Did anyone actually like that monkey on Friends? I was never a huge afficionado, but I’ve seen a lot of the episodes, who hasn’t? And I saw lots of the ones featuring the monkey. I remember that bit where the monkey keeps getting hold of Ross’ hi-fi system and playing his own CDs, that was pretty clever. But clever isn’t funny. We can admire clever, but we never love it. Funny is funny; clever puts us off.
The monkey’s name was Marcel. There were two hundred and thirty-six episodes of Friends, but Marcel only featured in eight of them. The character was written out at the end of the first season, because the producers claimed there was just one too many cast members. Apparently it had been a toss-up between Marcel and Lisa Kudrow.
I’m no expert on the monkey from Friends, okay? I make no claims for that. But there was this one time I met someone who was.
I was at a television convention in Toronto a few years back. I was representing some British sci-fi series you probably haven’t heard of. There were meant to be more members of the production team there, but someone looked on the map and found out it was in Canada. I’m sure the Canadians would rather the BBC had sent an actor, any actor, but they’d been sent a writer instead – and they were very polite, being Canadians and everything, but it was a pretty chilly politeness. I felt quite lonely, and so when I wasn’t doing panels for my own show I would check out some of the others. They had Lost there, they had The Sopranos, they had all the different incarnations of Star Trek, past, present and future. There was one panel that advertised Friends, apparently the cast from Friends were at the same conference as me, and I was intrigued. I went to the Friends panel. When I got in, though, and took my seat among all the Friends fans, I saw that up on stage there was just this one woman I didn’t recognise, sitting next to the monkey.
The audience would ask the monkey questions. The monkey seemed to consider them carefully, and then chittered at the woman, who’d lean into her microphone and offer a translation. Yes, Marcel had loved his brief stint on Friends! Yes, he was still in regular contact with all the other cast members, they hung out sometimes and always exchanged cards at Christmas. Yes, if he could go to Central Perk his favourite coffee would be a monkey macchiato.
The monkey never acknowledged the woman, and when the panel ended and he thanked the audience for coming, he didn’t even look at her, let alone tell us her name. I saw her in the bar that evening, and no one was talking to her, I thought she might very well be the only person there less famous than me. I asked if she’d like a drink. She said she would. She looked grateful. She gave me her name. It was Kathleen Jackson, or maybe it was Johnson, or maybe it was Katherine.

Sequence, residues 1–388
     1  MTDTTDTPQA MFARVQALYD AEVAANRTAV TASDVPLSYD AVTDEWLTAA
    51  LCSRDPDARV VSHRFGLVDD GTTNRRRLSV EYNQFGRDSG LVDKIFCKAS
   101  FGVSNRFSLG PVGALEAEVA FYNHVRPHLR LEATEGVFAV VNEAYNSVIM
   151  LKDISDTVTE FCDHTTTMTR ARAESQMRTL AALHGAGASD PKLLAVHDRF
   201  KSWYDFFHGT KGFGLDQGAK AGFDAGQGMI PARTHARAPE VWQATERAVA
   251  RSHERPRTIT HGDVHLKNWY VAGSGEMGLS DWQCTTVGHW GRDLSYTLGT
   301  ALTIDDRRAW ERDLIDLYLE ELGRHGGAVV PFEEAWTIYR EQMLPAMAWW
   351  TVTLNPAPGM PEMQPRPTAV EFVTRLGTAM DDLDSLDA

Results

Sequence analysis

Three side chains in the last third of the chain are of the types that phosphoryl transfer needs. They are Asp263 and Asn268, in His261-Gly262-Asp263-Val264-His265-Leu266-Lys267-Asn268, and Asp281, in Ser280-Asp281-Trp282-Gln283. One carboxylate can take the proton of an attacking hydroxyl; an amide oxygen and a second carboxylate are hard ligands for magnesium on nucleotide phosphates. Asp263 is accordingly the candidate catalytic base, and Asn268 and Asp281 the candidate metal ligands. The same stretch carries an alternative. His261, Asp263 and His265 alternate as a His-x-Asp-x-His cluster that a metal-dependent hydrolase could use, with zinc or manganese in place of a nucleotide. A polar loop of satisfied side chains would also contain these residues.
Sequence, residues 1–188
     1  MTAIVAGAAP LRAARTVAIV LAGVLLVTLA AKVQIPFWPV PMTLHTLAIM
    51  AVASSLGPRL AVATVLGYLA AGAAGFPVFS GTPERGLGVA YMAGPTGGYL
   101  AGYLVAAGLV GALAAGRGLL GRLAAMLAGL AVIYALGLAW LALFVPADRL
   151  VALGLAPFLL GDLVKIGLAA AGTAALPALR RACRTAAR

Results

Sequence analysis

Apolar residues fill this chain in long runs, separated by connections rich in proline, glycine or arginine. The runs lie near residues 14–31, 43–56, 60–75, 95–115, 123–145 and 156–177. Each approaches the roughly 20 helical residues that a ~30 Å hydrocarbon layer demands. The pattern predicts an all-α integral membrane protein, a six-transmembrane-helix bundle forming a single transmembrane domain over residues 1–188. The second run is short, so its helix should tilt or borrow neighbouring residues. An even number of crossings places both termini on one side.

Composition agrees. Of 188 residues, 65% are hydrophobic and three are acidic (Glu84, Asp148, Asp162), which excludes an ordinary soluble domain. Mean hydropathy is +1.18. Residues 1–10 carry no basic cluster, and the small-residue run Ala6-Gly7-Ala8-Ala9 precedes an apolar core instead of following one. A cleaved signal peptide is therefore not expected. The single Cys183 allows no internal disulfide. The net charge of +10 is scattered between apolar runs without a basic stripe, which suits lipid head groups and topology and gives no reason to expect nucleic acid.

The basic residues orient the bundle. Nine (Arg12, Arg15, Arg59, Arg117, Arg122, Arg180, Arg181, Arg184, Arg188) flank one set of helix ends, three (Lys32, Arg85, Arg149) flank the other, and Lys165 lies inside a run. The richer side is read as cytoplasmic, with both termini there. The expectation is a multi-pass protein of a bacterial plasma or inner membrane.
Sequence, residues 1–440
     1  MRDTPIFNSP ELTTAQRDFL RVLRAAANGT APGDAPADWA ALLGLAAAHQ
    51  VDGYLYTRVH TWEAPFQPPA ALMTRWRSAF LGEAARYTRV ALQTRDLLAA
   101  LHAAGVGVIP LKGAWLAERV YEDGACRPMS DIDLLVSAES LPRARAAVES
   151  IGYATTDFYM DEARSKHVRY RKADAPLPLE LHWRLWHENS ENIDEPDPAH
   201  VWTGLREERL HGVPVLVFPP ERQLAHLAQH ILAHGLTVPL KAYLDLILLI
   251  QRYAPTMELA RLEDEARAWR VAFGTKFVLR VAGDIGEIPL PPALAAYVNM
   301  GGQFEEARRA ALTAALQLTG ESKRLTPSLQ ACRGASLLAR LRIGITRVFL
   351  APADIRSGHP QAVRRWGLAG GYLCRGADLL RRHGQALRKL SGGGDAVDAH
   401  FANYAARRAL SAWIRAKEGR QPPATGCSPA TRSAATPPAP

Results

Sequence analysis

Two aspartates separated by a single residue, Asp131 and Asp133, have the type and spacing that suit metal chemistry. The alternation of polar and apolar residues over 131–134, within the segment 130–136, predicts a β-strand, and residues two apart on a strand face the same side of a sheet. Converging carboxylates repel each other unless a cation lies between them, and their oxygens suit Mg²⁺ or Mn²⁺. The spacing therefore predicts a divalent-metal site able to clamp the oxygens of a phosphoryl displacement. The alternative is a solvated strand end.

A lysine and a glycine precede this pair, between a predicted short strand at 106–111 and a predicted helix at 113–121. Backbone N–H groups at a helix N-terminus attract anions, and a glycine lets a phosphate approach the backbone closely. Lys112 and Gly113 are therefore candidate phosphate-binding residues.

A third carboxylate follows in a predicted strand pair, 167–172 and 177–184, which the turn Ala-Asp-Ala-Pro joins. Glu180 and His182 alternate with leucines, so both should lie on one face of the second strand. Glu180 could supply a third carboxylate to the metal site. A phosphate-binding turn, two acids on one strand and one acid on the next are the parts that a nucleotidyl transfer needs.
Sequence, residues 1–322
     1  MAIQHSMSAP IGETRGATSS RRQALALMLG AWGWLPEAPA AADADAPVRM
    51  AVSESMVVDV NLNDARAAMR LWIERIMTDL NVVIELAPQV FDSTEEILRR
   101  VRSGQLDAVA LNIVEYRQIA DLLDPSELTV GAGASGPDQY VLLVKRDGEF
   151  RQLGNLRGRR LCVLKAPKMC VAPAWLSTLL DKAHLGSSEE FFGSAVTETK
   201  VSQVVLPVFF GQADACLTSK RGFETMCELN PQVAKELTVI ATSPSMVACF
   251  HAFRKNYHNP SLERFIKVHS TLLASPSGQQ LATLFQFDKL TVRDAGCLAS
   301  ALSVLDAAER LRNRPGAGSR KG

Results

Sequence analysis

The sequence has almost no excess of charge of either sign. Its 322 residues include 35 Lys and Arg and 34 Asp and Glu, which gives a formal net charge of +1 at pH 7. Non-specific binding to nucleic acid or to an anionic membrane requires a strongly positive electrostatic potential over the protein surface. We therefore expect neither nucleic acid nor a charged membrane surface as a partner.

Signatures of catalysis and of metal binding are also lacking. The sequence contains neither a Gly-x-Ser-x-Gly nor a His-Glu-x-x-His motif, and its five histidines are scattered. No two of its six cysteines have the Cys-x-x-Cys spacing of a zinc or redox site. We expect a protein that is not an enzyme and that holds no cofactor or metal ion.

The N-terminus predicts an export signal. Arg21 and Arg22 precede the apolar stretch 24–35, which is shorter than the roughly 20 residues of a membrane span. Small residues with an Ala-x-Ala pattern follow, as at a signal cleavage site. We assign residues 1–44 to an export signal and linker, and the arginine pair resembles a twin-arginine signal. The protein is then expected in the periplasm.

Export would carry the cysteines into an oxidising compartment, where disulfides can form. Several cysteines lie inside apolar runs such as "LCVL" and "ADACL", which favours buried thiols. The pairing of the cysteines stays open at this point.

It didn’t take many drinks before Kathleen Jackson was telling me the truth. Marcel had had a miserable time on Friends. The rest of the cast had never made him feel welcome. Jennifer Aniston, Matt LeBlanc, Courteney Cox… as soon as the cameras stopped rolling, they wouldn’t even speak to him. Lisa Kudrow and Matthew Perry actually bullied him; they never laid a finger on him, but it was psychological bullying, that was worse somehow. They’d hide his bananas, they’d call him ‘apebreath’. Only David Schwimmer was nice to him – and that sucked, who’d want David Schwimmer being nice to you? When Marcel was sacked he was almost relieved. Almost – but sometimes, Kathleen told me, he’d drink too much, and then he’d get maudlin, and he’d shout at Kathleen, he’d say he was a washed up chimp and he’d missed the one chance he’d get for superstardom. Sometimes, she said, Marcel couldn’t cope with all the questions on stage about his time on the show, and he’d snap, and come out with stuff that was borderline obscene. Sometimes, she said, she didn’t merely translate, she had to make up his answers altogether.
She was a monkey wrangler, she told me. That was her official job description. She had been a monkey gaffer, but she’d worked her way up.